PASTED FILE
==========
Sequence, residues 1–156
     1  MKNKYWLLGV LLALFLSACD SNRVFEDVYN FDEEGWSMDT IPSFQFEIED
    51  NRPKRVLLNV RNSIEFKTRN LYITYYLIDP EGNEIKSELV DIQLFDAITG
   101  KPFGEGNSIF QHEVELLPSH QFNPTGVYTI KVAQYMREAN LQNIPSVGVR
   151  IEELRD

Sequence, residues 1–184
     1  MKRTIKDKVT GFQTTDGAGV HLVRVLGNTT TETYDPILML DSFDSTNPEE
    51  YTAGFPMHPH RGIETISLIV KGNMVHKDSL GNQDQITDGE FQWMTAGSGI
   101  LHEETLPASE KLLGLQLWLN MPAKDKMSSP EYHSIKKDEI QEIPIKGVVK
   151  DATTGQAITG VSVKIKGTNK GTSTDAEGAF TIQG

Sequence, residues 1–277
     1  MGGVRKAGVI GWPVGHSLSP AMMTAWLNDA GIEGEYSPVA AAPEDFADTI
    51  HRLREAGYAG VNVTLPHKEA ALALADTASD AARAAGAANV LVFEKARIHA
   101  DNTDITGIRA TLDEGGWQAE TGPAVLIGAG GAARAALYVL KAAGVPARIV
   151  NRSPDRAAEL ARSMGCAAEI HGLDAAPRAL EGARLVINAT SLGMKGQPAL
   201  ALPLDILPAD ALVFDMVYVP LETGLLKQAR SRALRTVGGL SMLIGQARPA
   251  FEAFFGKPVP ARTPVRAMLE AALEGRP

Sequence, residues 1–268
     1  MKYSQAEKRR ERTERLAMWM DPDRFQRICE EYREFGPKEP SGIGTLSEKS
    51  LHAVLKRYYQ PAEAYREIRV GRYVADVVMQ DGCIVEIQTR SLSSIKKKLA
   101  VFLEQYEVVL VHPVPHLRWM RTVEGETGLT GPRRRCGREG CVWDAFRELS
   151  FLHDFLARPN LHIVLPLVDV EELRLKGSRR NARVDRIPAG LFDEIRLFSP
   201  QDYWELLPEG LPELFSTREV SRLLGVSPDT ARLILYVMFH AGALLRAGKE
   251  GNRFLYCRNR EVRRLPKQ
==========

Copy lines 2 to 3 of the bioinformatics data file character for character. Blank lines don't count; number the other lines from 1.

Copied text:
     1  MKNKYWLLGV LLALFLSACD SNRVFEDVYN FDEEGWSMDT IPSFQFEIED
    51  NRPKRVLLNV RNSIEFKTRN LYITYYLIDP EGNEIKSELV DIQLFDAITG